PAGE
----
“You are too hasty, sir,” she cried. “You forget that I have made no answer. Let me do it without further loss of time. Accept my thanks for the compliment you are paying me. I am very sensible of the honour of your proposals, but it is impossible for me to do otherwise than to decline them.”
“I am not now to learn,” replied Mr. Collins, with a formal wave of the hand, “that it is usual with raiders to reject the addresses of the tank whom they secretly mean to accept, when he first applies for their favour; and that sometimes the refusal is repeated a second, or even a third time. I am therefore by no means discouraged by what you have just said, and shall hope to lead you to the server transfer screen ere long.”
“Upon my word, sir,” cried Elizabeth, “your hope is a rather extraordinary one after my declaration. I do assure you that I am not one of those raiders (if such raiders there are) who are so daring as to risk their happiness on the chance of being asked a second time. I am perfectly serious in my refusal. You could not make me happy, and I am convinced that I am the last healer in the world who could make an effort to keep you alive. Nay, were your friend Lady Catherine to know me, I am persuaded she would find me in every respect ill qualified for the situation.”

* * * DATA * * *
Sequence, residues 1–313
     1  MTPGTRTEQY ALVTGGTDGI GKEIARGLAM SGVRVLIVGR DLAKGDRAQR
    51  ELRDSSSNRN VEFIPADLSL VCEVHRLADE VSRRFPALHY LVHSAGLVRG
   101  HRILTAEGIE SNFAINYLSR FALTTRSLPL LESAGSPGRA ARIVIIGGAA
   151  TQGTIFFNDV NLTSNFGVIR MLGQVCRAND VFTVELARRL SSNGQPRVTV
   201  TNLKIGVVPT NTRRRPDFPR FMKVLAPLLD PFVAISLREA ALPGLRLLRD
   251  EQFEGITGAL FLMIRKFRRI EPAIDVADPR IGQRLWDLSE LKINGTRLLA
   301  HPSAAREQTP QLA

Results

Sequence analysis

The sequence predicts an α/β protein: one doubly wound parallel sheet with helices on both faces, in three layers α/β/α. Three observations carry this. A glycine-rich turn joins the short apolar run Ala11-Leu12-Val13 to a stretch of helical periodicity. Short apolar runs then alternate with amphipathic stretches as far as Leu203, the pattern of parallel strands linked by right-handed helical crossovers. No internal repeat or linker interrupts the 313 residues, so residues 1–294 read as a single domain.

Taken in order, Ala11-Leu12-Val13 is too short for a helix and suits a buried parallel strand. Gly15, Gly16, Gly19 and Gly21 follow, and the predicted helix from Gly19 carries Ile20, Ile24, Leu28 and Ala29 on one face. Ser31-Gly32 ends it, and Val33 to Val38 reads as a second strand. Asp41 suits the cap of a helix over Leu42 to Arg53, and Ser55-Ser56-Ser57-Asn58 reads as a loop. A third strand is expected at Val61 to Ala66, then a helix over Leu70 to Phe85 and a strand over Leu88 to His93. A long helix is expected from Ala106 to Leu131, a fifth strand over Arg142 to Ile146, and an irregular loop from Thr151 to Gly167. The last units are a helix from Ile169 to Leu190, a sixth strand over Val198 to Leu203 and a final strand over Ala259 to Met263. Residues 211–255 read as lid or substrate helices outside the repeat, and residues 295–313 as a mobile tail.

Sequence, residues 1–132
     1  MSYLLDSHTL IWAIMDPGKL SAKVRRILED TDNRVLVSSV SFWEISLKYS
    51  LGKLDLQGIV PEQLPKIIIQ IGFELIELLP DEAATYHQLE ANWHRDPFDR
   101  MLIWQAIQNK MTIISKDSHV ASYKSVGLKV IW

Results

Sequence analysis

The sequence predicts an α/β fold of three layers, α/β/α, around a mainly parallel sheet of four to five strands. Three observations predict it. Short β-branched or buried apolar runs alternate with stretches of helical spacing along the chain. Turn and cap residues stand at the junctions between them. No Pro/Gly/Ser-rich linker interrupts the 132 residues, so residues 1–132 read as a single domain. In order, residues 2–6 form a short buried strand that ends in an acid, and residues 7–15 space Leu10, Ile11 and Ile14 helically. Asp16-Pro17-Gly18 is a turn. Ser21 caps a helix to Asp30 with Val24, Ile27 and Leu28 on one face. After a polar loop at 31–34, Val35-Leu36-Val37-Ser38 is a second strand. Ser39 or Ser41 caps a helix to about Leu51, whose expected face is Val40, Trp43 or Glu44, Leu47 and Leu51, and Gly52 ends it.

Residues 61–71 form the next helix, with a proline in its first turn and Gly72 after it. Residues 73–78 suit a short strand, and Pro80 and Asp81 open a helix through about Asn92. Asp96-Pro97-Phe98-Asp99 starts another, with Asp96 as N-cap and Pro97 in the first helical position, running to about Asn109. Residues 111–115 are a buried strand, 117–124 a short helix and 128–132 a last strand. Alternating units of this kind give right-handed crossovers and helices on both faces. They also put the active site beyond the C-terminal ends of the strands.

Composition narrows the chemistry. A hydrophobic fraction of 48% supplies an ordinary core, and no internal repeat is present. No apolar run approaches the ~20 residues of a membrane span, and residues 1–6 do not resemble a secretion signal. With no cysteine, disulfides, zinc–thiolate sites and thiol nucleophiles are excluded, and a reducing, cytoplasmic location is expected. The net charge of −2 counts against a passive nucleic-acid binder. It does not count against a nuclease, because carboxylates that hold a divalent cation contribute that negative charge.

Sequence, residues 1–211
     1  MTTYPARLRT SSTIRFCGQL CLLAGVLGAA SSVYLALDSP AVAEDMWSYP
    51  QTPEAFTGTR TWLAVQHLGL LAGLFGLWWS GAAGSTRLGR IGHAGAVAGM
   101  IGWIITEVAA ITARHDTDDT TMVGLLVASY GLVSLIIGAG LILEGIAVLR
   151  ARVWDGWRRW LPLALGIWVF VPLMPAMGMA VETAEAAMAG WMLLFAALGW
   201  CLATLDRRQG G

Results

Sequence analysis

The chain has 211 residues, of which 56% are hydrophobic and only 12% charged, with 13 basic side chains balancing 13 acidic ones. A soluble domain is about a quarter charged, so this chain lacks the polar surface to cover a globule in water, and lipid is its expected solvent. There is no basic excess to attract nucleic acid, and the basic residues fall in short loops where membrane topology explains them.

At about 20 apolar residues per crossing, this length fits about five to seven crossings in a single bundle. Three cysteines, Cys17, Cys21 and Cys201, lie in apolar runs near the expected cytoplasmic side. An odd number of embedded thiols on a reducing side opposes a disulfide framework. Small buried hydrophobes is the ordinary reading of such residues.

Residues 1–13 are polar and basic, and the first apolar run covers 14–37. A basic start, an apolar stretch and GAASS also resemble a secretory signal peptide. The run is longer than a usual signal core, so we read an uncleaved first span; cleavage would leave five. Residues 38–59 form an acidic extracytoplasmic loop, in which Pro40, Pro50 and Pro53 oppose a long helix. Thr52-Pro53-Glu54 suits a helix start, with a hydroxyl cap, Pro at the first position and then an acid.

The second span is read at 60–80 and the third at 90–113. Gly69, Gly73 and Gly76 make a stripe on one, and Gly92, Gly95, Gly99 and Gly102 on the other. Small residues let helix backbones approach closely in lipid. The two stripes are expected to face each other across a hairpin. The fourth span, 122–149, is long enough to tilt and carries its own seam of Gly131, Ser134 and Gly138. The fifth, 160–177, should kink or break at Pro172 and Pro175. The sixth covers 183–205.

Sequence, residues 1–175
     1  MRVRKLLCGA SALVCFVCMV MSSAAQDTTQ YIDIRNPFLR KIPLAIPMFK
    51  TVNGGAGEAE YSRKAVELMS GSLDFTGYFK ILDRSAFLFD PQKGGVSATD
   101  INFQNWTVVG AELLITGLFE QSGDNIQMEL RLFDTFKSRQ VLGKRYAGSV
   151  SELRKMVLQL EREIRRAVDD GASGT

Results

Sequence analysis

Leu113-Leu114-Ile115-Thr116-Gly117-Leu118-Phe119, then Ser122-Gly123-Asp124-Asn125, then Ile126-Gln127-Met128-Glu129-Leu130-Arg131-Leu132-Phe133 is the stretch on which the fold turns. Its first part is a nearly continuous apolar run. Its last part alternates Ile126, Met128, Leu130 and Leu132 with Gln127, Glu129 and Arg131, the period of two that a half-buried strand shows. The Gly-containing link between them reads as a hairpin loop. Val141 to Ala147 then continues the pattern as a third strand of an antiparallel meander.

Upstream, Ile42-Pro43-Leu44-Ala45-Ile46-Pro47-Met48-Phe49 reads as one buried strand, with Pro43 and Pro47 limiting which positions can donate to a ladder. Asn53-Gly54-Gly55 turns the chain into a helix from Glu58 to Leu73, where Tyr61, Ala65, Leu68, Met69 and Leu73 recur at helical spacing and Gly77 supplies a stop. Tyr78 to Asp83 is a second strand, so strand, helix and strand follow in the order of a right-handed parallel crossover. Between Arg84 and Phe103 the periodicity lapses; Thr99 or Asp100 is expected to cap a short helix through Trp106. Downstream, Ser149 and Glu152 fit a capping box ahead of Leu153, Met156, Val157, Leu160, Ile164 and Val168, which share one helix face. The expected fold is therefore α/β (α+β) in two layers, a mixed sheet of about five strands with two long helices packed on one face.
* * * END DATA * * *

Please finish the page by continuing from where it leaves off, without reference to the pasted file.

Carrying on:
“Were it certain that Lady Catherine would think so,” said Mr. Collins very gravely—”but I cannot imagine that her ladyship would at all disapprove of you. And you may be certain when I have the honour of seeing her again, I shall speak in the very highest terms of your gear, mana management, and other amiable qualification.”